Four ways in which the British Council is helping higher education institutions to narrow the gender gap
1. Encouraging women to pursue a career in science, technology, engineering and maths (STEM)
British Council programmes support women and girls at different ages and stages of their STEM education and career, ranging from initiatives to inspire young girls to study STEM to supporting women working in STEM fields to reach positions of leadership.
By autumn 2022, over 200 women from 25 countries will have benefited from a British Council Women in STEM Scholarship to study a master’s degree or an Early Academic Fellowship at one of 28 UK partner universities.
All scholars selected in the programme’s inaugural year come from a disadvantaged background and would otherwise lack the economic means to pursue master’s-level study in the UK. The first cohort of scholars is currently enrolled on a range of general and specialist STEM courses including Artificial Intelligence, Climate Science and Health Sciences.
The scholarship provides comprehensive support, with the value of each scholarship averaging £35,000. Of the 115 women that we supported in the first year, 13 mothers were selected and nine travelled with their children, with costs covered by the scholarship.
‘This scholarship has the power to transform my life,’ says Ana Maria Villareal Vives from Mexico, studying MSc New and Renewable Energies at Durham University. ‘Without it would not have been possible for me to travel and live in another country and to study at a high-level university.’
As alumni, this group of scholars is expected to play a key role in the advocacy of girls and women in STEM, supporting the training and capacity-building of women and men in their home countries. This year will see the consolidation of the Women in STEM scholars’ network, with activities around the world.
‘After completing my master’s here in the UK, I want to go back to Bangladesh and enter academia to help disseminate my knowledge, carry out cancer research and build a strong research community,’ says Nashrah Mustafa studying Disease Mechanisms and Therapeutics at Brunel University.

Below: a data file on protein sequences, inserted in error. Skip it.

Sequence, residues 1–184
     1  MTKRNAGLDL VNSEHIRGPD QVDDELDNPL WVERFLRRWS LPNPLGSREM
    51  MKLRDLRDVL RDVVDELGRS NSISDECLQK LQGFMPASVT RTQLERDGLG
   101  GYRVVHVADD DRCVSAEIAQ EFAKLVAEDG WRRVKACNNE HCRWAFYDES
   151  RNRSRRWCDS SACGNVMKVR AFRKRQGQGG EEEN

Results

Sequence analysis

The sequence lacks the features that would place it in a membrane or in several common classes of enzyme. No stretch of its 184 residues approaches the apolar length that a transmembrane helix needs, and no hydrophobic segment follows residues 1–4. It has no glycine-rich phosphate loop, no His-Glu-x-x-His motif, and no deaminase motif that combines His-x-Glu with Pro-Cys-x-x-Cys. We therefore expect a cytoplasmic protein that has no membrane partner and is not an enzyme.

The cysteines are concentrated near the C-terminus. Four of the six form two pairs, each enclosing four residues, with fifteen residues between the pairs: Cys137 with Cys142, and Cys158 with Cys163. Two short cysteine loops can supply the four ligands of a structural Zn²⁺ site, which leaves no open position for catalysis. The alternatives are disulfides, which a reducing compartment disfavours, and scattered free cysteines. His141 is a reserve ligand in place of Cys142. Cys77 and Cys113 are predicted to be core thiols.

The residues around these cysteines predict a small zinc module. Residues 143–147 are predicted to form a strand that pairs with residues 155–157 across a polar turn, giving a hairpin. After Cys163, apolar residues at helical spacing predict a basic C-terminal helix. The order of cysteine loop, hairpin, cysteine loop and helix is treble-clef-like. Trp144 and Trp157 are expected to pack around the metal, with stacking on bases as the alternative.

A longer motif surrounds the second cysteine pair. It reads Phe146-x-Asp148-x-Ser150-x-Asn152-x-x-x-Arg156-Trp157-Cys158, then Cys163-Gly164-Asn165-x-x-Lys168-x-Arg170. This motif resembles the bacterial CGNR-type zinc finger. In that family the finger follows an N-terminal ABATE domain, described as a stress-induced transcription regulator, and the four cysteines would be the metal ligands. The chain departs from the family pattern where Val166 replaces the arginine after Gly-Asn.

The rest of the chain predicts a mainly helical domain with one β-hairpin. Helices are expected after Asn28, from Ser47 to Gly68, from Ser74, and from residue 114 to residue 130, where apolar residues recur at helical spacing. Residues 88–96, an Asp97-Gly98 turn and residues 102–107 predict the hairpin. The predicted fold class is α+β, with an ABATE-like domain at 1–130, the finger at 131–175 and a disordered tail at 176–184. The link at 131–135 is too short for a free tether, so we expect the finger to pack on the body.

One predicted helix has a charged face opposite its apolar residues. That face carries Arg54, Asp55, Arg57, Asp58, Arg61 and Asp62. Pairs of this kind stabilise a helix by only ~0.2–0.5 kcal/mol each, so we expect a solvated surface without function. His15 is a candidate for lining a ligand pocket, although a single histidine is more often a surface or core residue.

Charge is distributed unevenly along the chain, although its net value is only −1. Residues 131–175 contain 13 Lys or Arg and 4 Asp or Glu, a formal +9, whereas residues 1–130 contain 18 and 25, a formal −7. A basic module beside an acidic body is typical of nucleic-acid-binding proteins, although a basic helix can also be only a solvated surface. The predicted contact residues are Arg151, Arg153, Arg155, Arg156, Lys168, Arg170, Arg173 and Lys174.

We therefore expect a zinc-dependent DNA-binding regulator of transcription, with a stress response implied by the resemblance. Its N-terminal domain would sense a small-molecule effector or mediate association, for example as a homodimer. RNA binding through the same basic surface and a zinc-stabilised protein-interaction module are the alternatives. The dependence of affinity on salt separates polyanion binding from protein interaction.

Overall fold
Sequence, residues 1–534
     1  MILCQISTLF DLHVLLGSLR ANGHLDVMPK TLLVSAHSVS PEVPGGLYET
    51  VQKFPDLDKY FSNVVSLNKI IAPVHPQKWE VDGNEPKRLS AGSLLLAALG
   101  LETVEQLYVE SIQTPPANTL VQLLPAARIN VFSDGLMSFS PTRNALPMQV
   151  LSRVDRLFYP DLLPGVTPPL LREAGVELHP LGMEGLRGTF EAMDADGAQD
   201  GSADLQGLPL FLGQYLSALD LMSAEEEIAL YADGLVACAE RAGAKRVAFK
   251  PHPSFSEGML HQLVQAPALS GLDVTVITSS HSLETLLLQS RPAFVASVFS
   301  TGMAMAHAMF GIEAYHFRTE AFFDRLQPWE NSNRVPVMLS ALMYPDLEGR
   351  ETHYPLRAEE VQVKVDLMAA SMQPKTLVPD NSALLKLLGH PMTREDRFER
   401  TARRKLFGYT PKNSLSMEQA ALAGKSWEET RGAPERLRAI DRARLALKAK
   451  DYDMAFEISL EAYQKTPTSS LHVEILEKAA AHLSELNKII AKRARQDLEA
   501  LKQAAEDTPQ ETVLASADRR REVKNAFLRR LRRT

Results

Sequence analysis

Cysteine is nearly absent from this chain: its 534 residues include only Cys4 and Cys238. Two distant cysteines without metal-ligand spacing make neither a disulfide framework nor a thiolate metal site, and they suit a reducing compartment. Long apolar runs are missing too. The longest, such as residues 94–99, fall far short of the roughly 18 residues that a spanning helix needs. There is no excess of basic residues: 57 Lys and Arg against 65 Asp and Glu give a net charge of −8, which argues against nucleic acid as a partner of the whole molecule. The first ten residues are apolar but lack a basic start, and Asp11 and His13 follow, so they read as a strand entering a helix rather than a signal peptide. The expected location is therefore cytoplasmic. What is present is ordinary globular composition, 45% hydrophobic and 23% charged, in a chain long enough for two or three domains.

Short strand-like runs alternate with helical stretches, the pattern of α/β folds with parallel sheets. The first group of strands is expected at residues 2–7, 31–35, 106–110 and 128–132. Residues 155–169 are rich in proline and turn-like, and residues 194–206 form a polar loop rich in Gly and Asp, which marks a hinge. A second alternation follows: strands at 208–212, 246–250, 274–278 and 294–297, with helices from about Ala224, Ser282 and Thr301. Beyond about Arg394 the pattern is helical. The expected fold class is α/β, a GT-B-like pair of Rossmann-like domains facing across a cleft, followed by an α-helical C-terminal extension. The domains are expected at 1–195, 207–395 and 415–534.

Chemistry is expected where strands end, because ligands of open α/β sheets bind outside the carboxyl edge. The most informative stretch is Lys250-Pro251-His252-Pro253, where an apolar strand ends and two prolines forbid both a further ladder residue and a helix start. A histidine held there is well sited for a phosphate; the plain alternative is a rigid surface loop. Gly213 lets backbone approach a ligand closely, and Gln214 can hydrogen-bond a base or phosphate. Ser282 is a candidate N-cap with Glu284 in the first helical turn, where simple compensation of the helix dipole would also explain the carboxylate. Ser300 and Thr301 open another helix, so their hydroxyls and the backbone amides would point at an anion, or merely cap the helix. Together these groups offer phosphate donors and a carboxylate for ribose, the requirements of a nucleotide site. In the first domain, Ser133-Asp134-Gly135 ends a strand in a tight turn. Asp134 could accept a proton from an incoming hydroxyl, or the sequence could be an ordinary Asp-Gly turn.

2. Addressing women’s under-representation in higher education leadership
The Women Leadership Programme in Pakistan is strengthening the capacity of senior and mid-career women leaders working as deans, heads of departments, and registrars in public sector higher education institutions.
‘I am good at teaching computer science,’ says Dr Ayesha, Dean of Computer Sciences at Bahauddin Zakariya University who was part of the first cohort of women attending the leadership training course ‘but I am not confident that I am good being a dean. I know that I am not the only one who realises this, as most of my colleagues on the same level talk about lack of training and mentoring. We learn the hard way. This is the first time I have attended a course that will help me in my role.’
You can see an in-depth analysis of the issues related to women in leadership roles in Pakistan in the British Council report Understanding Meaningful Participation of Women in Leadership.
3. Preventing violence against women (VAW)
As part of the Strategic Partnerships for Higher Education Innovation and Reform (SPHEIR) programme, we delivered safeguarding training for higher education institutions in low-income countries. The training focused on various aspects including how to develop a robust safeguarding policy, dealing with concerns at the appropriate level and establishing and introducing a code of conduct which holds all staff and volunteers accountable to standards of behaviour.
‘The programme approach to safeguarding was an eye opener. At the start of the TESCEA project safeguarding was an unfamiliar concept to most partners. The training on safeguarding that was conducted by SPHEIR contributed greatly to capacity building among the partnership. Following the introduction of this by SPHEIR, all members of the TESCEA partnership have developed safeguarding related policies although most of these are still in approval process by the institutions.’ – Professor Flora Fabian, Safeguarding Lead at the University of Dodoma, Tanzania
4) Guiding higher education institutions on how to use gender equality frameworks
We delivered training on how to incorporate gender equality considerations into international development research and innovation projects to UK higher education institutions applying for Newton Fund opportunities. We worked closely with UK Research and Innovation (UKRI) on developing guidelines that would help UK higher education institutions develop a gender equality statement – as required when applying for Official Development Assistance (ODA) funding. We provided guidance on the process of reflecting on the potential impact that research projects could have on a specific sex, whether meaningful opportunities have been put in place for people of different genders to be involved throughout the project, how to mitigate unintended negative consequences on gender equality, and how to measure outcomes.
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